The multi-group keypad 150 can independently control three groups of motorized roller shades 106. Referring to FIG. 6D, the multi-group keypad 150 comprises three group-selection buttons 154A, 154B, 154C, two control buttons 155A, 155B, a raise button 158A, and a lower button 158B. An actuation of one of the group-selection buttons 154A, 154B, 154C selects an associated group of motorized roller shades 106. Visual indicators 156A, 156B, 156C illuminate to indicate which group of motorized roller shades 106 is selected. After one of the groups is selected using the group-selection buttons 154A, 154B, 154C, the user is able to actuate the control buttons 155A, 155B, the raise button 158A, and the lower buttons 158B to control the motorized roller shades 106 of the selected group. An actuation of the first control button 155A causes the selected group of motorized roller shades 106 to move to fully-open positions, while an actuation of the second control button 155B causes the selected group of motorized roller shades to move to fully-closed positions. Actuations of the raise button 158A and the lower button 158B cause the selected group of motorized rollers shades 106 to raise and lower, respectively, while the buttons are held. Alternatively, the multi-group keypad 150 could function to control three separate groups of lighting loads 104 or groups of both lighting loads and motorized roller shades 106.

The load control system 100 may also comprise an IR keypad 160 as shown in FIG. 6E. The buttons and visual indicators of the IR keypad 160 operate in the same manner as those of the 5BRL keypad 130. However, the IR keypad 160 comprises an infrared (IR) lens 169 for receiving IR signals 192 from an IR transmitter 190. The IR transmitter 190 preferably comprises a raise button 194 for transmitting a raise command to the IR keypad 160 and a lower button 196 for transmitting a lower command. For example, during normal operation of the load control system 100, the load control device 110 may increase and decrease the intensities of the lighting loads 104 in response to the IR keypad 160 receiving raise and lower commands, respectively.

FIG. 7 is a simplified block diagram of the 2B keypad 120. The 5BRL keypad 130, the dual keypad 140, the multi-group keypad 150, and the IR keypad 160 have equivalent functional blocks. Referring to FIG. 7, the 2B keypad 120 comprises a controller 170, which is preferably implemented as a microprocessor, but may be any suitable processing device, such as, for example, a microcontroller, a programmable logic device (PLD), or an application specific integrated circuit (ASIC). The 2B keypad 120 is coupled to the four-wire communication link 114 via a four-position connector 172. A power supply 174 draws current from one of the conductors of the communication link 114 via the connector 172 and generates a direct-current (DC) voltage Vcc for powering the controller 170 and other low-voltage circuitry of the keypad 120.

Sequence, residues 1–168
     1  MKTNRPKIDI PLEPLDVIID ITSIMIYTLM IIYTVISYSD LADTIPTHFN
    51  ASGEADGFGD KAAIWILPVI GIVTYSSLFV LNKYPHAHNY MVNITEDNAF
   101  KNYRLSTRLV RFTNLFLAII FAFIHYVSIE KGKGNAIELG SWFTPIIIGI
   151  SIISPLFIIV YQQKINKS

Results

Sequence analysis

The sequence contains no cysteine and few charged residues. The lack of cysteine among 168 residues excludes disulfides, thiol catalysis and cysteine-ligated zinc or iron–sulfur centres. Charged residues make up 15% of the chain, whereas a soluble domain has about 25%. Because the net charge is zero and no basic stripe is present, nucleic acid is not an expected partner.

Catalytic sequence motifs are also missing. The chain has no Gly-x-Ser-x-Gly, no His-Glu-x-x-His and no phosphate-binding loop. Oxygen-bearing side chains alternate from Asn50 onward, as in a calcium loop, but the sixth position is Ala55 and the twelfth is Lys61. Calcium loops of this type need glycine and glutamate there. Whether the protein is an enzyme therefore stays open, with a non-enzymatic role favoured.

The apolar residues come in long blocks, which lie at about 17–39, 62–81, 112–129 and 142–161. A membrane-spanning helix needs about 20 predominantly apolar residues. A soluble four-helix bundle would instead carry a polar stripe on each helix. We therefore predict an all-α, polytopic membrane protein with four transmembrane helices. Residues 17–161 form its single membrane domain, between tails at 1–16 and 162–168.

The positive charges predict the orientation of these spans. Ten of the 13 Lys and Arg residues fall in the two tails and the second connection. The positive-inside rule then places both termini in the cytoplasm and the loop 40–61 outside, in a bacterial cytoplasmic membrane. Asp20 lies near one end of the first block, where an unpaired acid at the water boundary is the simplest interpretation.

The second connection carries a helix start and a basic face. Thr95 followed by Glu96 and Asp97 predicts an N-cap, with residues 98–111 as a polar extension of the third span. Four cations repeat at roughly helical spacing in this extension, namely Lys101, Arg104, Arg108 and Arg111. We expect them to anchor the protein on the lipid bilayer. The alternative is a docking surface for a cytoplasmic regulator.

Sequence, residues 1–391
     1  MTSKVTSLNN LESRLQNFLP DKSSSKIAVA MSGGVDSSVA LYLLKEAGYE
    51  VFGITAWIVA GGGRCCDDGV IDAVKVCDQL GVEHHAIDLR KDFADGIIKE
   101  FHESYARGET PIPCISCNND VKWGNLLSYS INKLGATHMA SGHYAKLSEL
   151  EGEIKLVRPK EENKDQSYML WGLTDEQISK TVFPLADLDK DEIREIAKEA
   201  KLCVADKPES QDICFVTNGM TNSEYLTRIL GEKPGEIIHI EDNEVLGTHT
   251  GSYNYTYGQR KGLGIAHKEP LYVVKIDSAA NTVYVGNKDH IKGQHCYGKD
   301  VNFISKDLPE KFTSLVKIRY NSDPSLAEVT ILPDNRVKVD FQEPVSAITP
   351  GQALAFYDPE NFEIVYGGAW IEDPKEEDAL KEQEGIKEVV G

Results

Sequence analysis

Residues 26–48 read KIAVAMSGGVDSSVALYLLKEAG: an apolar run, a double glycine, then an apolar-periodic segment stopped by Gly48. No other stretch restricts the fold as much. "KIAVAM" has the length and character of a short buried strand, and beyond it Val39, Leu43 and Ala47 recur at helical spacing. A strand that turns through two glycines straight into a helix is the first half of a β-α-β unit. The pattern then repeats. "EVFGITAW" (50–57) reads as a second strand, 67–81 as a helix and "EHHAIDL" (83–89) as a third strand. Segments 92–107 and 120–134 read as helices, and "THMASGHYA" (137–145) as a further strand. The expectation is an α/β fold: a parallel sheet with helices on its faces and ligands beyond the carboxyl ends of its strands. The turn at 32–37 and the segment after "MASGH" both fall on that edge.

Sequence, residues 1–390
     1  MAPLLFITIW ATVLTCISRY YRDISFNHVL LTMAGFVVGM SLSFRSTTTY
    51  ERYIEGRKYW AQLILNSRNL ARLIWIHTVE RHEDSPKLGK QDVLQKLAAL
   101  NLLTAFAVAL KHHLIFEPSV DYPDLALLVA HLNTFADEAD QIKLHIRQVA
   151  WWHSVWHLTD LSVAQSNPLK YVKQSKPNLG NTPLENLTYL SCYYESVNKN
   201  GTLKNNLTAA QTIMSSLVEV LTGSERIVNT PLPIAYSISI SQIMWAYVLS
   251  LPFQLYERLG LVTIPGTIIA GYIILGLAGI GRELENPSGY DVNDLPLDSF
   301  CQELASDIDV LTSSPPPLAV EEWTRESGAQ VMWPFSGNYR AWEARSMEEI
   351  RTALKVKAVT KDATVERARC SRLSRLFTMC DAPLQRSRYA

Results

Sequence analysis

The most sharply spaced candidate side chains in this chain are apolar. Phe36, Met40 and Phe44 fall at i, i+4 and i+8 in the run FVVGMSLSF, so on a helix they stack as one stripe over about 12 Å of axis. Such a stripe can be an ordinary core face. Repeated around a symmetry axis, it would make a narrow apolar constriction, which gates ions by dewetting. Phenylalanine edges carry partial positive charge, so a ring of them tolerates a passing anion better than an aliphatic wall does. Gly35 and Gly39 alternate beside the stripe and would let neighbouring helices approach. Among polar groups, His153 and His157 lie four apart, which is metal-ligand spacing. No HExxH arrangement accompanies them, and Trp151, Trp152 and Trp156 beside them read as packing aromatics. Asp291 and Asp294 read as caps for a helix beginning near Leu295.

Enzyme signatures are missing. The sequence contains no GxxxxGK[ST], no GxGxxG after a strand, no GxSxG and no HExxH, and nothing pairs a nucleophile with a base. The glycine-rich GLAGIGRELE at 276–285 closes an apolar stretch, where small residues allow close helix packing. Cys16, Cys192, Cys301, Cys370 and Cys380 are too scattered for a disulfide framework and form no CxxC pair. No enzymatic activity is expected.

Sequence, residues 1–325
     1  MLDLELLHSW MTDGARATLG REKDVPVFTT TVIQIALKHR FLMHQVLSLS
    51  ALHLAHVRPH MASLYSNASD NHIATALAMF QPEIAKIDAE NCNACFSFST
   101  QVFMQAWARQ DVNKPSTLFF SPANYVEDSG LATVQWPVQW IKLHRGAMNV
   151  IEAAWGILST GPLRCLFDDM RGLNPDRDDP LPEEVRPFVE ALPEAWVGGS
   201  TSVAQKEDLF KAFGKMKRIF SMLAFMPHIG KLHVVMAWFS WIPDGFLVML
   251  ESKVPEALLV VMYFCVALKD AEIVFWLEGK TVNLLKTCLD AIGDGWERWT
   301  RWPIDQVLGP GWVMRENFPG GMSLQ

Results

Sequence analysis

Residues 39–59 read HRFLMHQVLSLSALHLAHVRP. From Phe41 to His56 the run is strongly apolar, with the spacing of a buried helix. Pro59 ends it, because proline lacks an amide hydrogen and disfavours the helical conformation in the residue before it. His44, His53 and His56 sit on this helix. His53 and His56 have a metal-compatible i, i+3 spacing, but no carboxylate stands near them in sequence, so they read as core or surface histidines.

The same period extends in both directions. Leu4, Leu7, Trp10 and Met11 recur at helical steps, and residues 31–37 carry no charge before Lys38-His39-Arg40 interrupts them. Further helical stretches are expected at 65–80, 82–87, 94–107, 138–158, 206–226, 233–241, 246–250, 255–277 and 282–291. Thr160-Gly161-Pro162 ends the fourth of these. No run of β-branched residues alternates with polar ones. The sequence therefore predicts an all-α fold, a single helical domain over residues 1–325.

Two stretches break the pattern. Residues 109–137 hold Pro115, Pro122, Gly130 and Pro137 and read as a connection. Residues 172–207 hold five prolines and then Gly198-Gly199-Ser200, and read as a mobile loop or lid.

A communication circuit 176, e.g., an RS-485 transceiver, is coupled to a first data wire MUX and a second data wire MUXBAR of the communication link 114, which carry differential signals according to the RS-485 protocol. The controller 170 is coupled to the communication circuit 176, such that the controller 170 is operable to transmit and receive digital messages via the communication link 114. The controller 170 also receives inputs from a plurality of buttons 178, e.g., the first and second buttons 124A, 124B, and controls a plurality of LEDs 180, e.g., the first and second visual indicators 126A, 126B.

The keypad 120 further comprises an IR receiver 184 coupled to the controller 160 and operable to receive the IR signals 192 from the IR transmitter 190. When the keypad is installed with the faceplate 162 (as shown in FIG. 6E), the IR lens 169 directs the IR signals 192 to IR receiver 184, such that the controller 170 is operable to respond to the IR signals.

The controller 170 is further coupled to a memory 182 for storage of the configuration information (e.g., the button configuration). The controller 170 is operable to store a single button configuration in the memory 182 (e.g., for the 2B keypad 120 and the 5BRL keypad 130), or multiple (i.e., two) button configurations (e.g., for the dual keypad 140 and the multi-group keypad 150).